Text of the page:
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Moms and Dads Created Equal?

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Fans of "equally shared parenting" believe moms and dads can split the work.

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The cover story of The New York Times Magazine celebrates the "equally shared parenting" movement, and the couples featured in the piece work hard to split parenting, wage-earning and household duties 50-50, no matter what.

According to equallysharedparenting.com, started by Marc and Amy Vachon, the definition of the practice is "the purposeful practice of two parents in an intact home sharing equally in the domains of child-raising, housework, bread-winning, and recreation time."

This article comes hot on the heels of a survey that found that 37% of working dads said they are willing to take a pay cut to spend more time with their children; 42% would take a pay cut of 10% or more.

"More and more men want to be more involved in their children's lives," says psychologist Joan Reese. "Many modern-day parents are getting tired of the traditional setup, where either the man is the breadwinner and the woman does the majority of the household and childcare duties, or both the mom and dad work, but the woman is still expected to do more at home than the man does. This dynamic typically leaves both partners feeling stressed, and it's the kids who suffer for it."

That's where equally shared parenting -- where both partners work less and participate more in childcare -- is the answer. "You and your spouse are a true team," Amy Vachon claims on her Web site. "You are both leading lives in balance. Equally shared parenting truly is half the work, and all the fun." But opponents of equal parenting call it "genderless parenting," and say it erases traditional male-female roles and confuses children.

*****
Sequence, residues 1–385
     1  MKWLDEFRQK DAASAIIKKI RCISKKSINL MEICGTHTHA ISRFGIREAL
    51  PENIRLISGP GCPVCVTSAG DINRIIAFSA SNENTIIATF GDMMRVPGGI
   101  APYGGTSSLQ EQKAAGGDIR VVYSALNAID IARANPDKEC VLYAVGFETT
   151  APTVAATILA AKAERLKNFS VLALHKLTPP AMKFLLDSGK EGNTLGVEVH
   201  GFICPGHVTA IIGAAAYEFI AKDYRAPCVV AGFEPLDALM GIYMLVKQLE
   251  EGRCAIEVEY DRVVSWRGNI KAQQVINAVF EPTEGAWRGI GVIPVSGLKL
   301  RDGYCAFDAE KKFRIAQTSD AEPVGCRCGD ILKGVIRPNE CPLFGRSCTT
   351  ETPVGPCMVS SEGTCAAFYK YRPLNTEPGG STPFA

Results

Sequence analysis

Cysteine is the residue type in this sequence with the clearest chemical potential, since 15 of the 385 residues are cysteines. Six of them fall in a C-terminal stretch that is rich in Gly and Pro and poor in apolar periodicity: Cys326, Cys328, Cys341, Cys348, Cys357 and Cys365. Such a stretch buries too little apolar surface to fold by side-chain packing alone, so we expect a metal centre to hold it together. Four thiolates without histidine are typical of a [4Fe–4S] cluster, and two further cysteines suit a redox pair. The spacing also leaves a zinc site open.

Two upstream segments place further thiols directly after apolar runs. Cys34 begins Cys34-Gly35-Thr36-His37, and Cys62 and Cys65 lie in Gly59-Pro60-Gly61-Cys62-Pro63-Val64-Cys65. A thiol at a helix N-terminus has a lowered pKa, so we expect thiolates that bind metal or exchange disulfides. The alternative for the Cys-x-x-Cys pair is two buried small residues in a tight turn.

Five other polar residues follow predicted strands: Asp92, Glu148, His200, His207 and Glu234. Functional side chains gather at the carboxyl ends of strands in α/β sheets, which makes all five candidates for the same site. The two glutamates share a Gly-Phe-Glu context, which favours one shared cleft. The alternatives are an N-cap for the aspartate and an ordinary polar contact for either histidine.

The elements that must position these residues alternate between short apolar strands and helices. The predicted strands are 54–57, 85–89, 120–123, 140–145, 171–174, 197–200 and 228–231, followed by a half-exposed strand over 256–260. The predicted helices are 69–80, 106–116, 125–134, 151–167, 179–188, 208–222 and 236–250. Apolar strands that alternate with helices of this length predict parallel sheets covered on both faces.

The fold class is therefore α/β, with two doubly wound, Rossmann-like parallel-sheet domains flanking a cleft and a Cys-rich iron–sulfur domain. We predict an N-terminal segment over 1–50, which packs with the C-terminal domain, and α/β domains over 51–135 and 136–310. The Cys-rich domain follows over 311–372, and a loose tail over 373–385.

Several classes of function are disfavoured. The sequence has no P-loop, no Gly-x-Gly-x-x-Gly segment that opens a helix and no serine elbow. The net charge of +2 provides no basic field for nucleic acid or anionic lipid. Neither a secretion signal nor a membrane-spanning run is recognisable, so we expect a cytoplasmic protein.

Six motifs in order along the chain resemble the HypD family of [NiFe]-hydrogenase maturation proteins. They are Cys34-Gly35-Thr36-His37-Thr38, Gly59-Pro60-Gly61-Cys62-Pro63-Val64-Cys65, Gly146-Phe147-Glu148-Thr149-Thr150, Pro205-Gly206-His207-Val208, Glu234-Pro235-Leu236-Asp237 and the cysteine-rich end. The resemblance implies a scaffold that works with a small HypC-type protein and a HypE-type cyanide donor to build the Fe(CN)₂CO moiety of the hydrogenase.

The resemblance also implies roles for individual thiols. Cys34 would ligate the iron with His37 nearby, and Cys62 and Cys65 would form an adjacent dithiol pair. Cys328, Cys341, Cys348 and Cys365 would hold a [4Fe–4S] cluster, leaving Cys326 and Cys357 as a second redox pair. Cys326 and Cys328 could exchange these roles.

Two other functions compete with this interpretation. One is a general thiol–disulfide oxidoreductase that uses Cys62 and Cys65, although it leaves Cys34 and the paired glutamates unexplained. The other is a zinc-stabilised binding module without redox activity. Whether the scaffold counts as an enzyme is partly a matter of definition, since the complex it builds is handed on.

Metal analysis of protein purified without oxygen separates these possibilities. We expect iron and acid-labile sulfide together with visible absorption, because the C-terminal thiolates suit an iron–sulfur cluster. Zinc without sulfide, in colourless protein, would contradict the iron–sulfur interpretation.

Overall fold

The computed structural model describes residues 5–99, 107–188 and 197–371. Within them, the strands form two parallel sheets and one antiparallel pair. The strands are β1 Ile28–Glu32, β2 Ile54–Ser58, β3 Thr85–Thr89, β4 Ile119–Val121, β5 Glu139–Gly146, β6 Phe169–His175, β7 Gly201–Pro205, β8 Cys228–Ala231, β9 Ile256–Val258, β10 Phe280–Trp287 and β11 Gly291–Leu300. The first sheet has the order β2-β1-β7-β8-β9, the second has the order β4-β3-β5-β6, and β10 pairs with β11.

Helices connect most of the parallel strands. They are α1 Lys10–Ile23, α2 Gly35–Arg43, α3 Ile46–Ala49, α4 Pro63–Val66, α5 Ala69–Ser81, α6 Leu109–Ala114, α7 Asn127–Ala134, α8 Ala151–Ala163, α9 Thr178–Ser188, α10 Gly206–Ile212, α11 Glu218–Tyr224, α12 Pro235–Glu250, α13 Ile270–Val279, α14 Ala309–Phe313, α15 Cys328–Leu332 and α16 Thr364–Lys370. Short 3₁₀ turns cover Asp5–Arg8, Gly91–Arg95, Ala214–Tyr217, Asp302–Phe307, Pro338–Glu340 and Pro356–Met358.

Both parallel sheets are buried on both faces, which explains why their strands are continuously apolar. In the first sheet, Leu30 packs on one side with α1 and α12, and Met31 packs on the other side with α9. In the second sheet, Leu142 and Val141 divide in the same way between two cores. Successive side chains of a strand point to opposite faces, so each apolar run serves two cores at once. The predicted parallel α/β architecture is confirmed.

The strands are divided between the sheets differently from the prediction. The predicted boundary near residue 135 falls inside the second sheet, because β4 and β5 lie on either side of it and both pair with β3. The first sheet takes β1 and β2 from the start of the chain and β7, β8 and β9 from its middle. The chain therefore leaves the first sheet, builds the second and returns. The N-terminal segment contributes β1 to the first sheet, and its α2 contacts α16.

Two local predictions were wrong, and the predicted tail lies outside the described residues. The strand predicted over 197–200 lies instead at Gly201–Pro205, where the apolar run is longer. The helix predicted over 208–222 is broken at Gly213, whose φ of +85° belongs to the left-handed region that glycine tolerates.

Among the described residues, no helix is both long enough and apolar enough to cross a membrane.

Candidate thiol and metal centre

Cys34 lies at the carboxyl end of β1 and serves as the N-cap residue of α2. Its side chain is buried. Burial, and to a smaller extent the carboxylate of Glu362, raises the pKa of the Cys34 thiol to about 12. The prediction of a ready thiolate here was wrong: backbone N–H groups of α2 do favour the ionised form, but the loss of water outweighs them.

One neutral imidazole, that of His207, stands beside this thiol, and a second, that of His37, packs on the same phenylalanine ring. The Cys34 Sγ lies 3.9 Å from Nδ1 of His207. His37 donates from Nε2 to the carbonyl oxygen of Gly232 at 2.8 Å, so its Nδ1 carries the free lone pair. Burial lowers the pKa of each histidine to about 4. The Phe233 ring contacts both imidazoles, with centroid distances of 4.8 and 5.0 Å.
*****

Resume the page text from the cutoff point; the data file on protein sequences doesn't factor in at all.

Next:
We love the idea of moms feeling less expected to do it all -- because, we gotta tell you, most of us are exhausted trying to do the impossible day in, day out. And dads pitching in more sounds good, too. But let's be realistic, how many bosses will go for employees working less, especially in this economy? And do guys really want to take on bake sales, doctor appointments and homework? 

Tell us your thoughts on equally shared parenting.


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4 comments so far | Post a comment now
Charli June 17, 2008, 10:02 AM

My husband and I do share some responsibilities, He cooks while I clean and take care of the kids. But that is the extent of it. He does bring home the bread. But that is just how we do it. I know that he does wish that he were able to be home more to watch our kids grow.

SugarPlumFairy June 17, 2008, 12:43 PM

It definitely makes things too hard when things are not split down the middle. A woman can’t be expected to work a 9 to 5, come home have a Betty Crocker inspired meal on the table by 6:30, tuck in the kids like June Cleaver and have sex on top of it all at the end of the night. It just ain’t possible.

Kelly June 17, 2008, 5:19 PM

Shouldn’t we be TRYING to erase “traditional male-female” roles? I know I don’t want my daughter thinking she can only grow up to cook and clean and my son to think his wife will just put up with that! Not much of an argument for those opposing this…

Angela June 18, 2008, 11:54 AM

I don’t undertsand what is so wrong with choosing to stay home with your children.My daughter is very aware that she can grow up and do whatever she wants to do.I make it clear that it is my choice to stay home and take care of my kids.My husband works but he is very much an active parent.From the minute he steps in the door he is hands on,plays, helps with homework, does the baths and bed tuck ins.It takes two people to make a baby so it makes sense that it takes both of them to raise one.


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